Interior US West will experience heat reaching dangerous levels, challenging records and elevating the wildfire threat. The developing pattern will take the heat to the extreme levels with record highs. Temperatures will soar above 120 °F (48.8 °C) into early next week.
The extreme heat is expected to impact Las Vegas, Phoenix, Salt Lake City, Denver, Boise, Idaho, Rawlins, Medford and Fresno. The worst of the heat will hold up just inland over California.
With record and near record temperatures expected through Tuesday this table shows the forecast max temp with the record for each day beneath the forecast temperature in red. The all-time records for each site are in the last column of the table. The years displayed for each record represent the most recent year the record was set. (Credit: NWS Las Vegas, Nevada)
3-day daily maximum heat index forecast (Credit: NOAA/NWS/NCEP)
According to Weather Prediction Center's short range forecast, the scorching heat will continue underneath an expansive upper ridge parked over the Western U.S. this weekend. Temperatures will yet again approach or exceed records on June 29/30, 2013 across much of the Southwest and Great Basin. The upper ridge will begin building northward and triple digit temperatures will spread north all the way to the Canadian border.
Surface heat index for June 29, 2013 (Credit: WXP/UNISYS)
Climate Prediction Center's temperature maps for period of June 16 – 22, 2013 – Departure of average temperature from normal, extreme apparent temperature, extreme maximum temperature (Credit: NOAA/Climate Prediction Center)
Heat advisories have already been posted for portions of Washington, Idaho and western Montana. The strong ridge in place will inhibit precipitation across the majority of the Western U.S. A bit of moisture combined with upslope flow should help trigger some late afternoon thunderstorms over the Central to Southern Rockies. Downstream from the sizzling temperatures in the west, an upper trough will continue to amplify over the Eastern half of the country while the associated surface front stalls out near the Appalachians.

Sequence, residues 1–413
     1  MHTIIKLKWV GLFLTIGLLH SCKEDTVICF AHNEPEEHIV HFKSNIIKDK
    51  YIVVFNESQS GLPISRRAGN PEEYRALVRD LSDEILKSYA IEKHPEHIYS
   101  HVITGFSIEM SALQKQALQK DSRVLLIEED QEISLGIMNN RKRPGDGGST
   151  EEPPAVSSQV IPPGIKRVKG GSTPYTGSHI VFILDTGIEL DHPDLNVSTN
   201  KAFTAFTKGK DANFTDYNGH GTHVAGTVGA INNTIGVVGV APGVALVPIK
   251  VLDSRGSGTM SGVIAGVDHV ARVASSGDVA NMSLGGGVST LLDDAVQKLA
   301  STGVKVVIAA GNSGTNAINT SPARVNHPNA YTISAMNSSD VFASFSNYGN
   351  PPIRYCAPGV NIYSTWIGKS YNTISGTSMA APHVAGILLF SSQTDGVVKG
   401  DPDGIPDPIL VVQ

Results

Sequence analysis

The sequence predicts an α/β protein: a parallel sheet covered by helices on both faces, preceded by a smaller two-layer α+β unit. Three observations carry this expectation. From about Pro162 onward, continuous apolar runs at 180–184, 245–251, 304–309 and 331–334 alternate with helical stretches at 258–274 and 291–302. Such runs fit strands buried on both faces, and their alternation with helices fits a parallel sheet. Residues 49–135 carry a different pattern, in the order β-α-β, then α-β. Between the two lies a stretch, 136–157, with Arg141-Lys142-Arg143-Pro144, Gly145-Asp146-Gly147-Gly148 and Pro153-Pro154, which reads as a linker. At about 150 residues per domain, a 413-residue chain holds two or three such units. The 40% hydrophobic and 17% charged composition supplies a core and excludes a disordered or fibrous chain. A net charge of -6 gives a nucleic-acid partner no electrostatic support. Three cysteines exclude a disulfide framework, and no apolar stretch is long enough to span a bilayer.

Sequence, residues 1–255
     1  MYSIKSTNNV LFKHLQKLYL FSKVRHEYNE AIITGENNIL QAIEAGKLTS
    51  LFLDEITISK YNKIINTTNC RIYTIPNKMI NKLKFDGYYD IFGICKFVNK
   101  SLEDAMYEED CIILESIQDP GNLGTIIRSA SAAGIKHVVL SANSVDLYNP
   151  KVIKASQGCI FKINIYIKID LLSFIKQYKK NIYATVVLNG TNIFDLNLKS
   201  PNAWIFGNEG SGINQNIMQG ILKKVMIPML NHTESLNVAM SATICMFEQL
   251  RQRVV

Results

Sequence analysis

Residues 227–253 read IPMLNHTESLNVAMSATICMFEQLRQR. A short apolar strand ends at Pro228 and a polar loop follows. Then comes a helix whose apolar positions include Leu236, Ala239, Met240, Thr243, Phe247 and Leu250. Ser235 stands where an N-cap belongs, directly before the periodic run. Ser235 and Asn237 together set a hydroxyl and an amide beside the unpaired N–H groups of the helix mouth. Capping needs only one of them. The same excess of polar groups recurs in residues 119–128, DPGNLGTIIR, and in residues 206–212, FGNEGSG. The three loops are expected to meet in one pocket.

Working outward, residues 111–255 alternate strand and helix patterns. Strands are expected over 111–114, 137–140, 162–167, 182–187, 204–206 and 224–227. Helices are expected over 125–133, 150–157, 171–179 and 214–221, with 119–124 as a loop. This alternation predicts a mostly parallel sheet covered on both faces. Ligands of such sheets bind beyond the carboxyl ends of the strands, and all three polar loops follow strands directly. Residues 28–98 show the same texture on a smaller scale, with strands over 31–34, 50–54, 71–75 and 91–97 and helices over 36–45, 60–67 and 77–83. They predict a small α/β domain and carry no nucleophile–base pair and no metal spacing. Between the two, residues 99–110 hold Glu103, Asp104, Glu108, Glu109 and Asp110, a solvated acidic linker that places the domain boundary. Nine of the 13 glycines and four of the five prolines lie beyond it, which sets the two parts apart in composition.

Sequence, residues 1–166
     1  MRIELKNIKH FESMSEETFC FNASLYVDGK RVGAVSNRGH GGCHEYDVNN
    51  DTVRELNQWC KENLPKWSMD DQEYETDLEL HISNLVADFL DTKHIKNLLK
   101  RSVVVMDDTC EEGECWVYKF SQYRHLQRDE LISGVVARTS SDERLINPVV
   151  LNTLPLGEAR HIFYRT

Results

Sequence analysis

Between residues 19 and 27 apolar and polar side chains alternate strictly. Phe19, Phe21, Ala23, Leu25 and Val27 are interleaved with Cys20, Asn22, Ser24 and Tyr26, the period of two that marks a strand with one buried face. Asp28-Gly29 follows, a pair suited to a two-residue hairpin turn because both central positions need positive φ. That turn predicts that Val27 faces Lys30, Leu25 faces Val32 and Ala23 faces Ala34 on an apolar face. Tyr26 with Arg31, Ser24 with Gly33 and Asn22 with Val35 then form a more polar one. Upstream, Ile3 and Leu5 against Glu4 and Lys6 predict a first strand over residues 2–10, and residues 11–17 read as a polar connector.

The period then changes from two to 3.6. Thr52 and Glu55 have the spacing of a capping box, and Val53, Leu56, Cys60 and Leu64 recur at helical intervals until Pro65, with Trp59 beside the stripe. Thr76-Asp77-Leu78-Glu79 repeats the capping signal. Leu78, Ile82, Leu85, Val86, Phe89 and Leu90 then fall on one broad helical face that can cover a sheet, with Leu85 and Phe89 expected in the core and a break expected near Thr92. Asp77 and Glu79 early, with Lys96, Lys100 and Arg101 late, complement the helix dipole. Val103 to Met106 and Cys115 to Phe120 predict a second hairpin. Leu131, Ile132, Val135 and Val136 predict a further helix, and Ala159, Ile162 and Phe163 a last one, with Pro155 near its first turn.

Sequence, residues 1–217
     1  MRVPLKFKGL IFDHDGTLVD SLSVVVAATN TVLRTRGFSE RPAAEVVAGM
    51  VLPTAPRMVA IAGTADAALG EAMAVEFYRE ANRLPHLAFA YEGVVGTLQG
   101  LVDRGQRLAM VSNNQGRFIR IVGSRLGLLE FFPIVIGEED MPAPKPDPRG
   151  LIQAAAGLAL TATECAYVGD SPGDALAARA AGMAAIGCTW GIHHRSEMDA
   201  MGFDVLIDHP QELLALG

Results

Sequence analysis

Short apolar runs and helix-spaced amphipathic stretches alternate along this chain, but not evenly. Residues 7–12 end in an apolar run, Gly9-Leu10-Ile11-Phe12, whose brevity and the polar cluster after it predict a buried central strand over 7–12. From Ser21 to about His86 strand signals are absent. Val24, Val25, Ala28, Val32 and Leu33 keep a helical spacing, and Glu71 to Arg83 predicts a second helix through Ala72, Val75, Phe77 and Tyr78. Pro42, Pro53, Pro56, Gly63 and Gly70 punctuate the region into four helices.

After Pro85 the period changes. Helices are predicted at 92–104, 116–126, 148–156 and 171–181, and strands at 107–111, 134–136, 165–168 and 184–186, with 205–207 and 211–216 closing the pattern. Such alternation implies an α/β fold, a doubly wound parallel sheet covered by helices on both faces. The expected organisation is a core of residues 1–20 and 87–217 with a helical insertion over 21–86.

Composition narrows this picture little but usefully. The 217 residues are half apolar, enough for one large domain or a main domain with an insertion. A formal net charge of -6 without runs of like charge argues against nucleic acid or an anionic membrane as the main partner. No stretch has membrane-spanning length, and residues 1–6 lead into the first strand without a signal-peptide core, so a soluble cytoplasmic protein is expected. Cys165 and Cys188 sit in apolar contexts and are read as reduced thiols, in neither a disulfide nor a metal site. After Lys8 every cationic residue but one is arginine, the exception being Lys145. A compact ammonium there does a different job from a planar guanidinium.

Muggy and stormy conditions will persist south and east of the boundary across Florida and all along the Eastern Seaboard. The widespread threat for severe weather has diminished, but developing storms will still have the possibility to produce heavy rains, strong winds or even some hail. Behind the stalled frontal boundary. shortwave energy diving southeastward within the amplifying trough will help produce some scattered showers and thunderstorms across the Upper Mississippi and Ohio Valleys this weekend.
Temperature probability outlook – One-month and three-month forecast (Credit: NOAA)
Current US Drought monitor map – Updated on June 25, 2013 (Credit: UNL/NOAA)
Severe to exceptional drought sitting across most of the western half of the nation will raise threat of new fires. As temperatures soar to record-challenging levels, drying brush and the potential for spotty thunderstorms will push the wildfire threat to new areas and raise the risk in other locations.
Observed fire danger class map (Credit: WFAS/FBR)
Featured image: Archived photo
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